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Calling for volunteer surveyors at Rushmere Heath

Chris Keeling SBG Projects Officer

The Green Light Trust is an established and successful environmental education charity which uses the Power of Nature to transform lives. Since its formation in 1989 the trust has helped thousands of people, both children and adults from diverse and challenged backgrounds by using nature to build health and hope with conservation projects at locations around East Anglia.

Craig Spence has contacted Suffolk Bird Group on behalf of the Greenlight Trust’s Rushmere Heath project where volunteers are working to restore heathland by opening up areas of gorse scrub, and seeding cleared areas with heather. I joined Steve Fryett of SBG to meet Craig and discuss what they hoped to achieve through working with the SBG. I had been invited by Steve to join the meeting with my SBG projects officer hat on, and also because of my previous experience of heathland management and restoration projects with English Nature and Natural England.

Craig and his volunteers are keen to know how best to approach scrub management and maintain a balance between scrub and open areas as a mosaic of heather and acid grassland. Steve and I emphasised the importance of surveys to identify species presence and distribution across the site and to provide a baseline to monitor change as management progresses. Craig has e-mailed to say that there is a great deal of enthusiasm among the Rushmere Heath volunteers since our meeting and the binoculars and bird books have been very much in evidence.

If you would like to help with bird surveys it’s entirely up you which standard survey methodology you adopt, whether you choose to carry out breeding bird transects point count’s or simply recording casual observations is entirely up to you. But most importantly, if you are happy to share your knowledge and field skills with the Green Light Trust volunteers please do give some thought to coordinating your visit to days when the volunteers are working on the heath. Don’t worry if you can’t spare any time this summer, we also need to know what species make use of the heath over winter.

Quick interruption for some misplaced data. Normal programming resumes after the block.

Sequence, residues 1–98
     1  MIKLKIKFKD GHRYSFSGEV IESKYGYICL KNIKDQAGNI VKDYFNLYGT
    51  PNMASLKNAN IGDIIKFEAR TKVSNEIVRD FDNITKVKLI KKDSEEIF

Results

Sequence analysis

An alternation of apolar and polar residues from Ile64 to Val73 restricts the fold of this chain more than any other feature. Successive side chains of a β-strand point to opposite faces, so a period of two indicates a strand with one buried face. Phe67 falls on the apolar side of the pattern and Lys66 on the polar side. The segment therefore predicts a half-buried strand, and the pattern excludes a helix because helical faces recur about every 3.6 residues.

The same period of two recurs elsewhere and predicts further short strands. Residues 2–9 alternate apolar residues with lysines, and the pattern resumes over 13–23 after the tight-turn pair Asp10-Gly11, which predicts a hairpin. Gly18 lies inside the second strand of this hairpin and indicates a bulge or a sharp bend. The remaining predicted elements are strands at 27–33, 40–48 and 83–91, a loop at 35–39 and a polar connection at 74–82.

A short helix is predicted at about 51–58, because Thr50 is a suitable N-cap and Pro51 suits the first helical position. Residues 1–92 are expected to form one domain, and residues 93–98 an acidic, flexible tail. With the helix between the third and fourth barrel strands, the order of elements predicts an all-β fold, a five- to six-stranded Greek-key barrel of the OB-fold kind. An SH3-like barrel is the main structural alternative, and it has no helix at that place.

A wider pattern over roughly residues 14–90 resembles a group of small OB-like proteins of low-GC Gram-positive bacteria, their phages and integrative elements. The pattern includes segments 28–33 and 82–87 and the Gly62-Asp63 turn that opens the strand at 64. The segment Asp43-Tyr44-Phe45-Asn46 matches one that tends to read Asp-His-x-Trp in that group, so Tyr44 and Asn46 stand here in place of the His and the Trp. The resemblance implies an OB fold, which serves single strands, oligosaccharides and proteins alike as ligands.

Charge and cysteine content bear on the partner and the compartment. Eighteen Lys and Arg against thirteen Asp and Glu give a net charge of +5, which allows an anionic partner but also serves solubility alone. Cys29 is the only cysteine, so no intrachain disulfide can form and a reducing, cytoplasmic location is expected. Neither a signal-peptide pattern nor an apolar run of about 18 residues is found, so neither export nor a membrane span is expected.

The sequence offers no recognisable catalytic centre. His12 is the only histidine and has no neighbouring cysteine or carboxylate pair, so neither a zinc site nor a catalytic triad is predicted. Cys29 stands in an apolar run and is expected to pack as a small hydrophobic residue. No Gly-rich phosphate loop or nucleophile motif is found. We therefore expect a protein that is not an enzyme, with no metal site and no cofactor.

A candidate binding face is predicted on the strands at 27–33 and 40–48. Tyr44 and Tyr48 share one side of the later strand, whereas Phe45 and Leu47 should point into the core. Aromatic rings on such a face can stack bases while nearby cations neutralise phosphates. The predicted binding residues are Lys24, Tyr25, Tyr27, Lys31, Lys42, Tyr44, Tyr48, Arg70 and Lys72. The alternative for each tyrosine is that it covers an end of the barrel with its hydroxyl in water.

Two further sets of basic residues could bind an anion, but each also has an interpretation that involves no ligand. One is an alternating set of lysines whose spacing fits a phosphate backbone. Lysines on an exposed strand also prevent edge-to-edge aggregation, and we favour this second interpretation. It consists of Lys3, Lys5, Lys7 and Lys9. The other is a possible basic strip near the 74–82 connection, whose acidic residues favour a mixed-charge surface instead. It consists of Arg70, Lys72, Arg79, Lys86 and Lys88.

And it’s not just bird surveyors that we need, but also anyone who can give their time to carrying out butterfly transects and perhaps introduce the Rushmere volunteers to moths with moth trapping evenings. If there any of SBG members particularly those who live in or near Ipswich would be willing to give some of their time to help with bird surveys, butterfly transects, and perhaps moth trapping evenings please contact Craig Spence at while also copying me in at

As SBG projects officer I have agreed to act as liaison between the SBG and the Rushmere Heath Project. Please can I ask that you copy me in when contacting Craig so that if necessary we can coordinate surveys and survey data to ensure that management including scrub clearance is targeted appropriately. And do please remember to send your records to both Craig Spence at the above e-mail address and also Steve Fryett at

Craig is also asking if there are members of SBG who would also be interested in helping with surveys at Castan woods which is their main Ipswich site behind Martlesham park and ride. Craig describes Castan Woods as mostly secondary mixed deciduous and coniferous woodland, predominantly birch, sweet chestnut, sycamore and oak with some pines. Each year Craig and his volunteers complete some coppicing while in other areas they have also carried out some re-planting. There are groups of volunteers there every week day, and lots of opportunity to undertake surveys that will inform appropriate and beneficial management.

The COVID pandemic has highlighted the vulnerability of all of us to mental health issues and the importance of nature in healing and restoring our sense of wellbeing. This is an opportunity for SBG members to help people of all ages and backgrounds to engage with nature while helping to restore and enhance wildlife habitats around Ipswich.

We really hope you can spare the time to help the Green Light Trust to restore the link between people and nature, while helping to restore a link in our fracture heathland habitats. We look forward to hearing from you.

Chris Keeling

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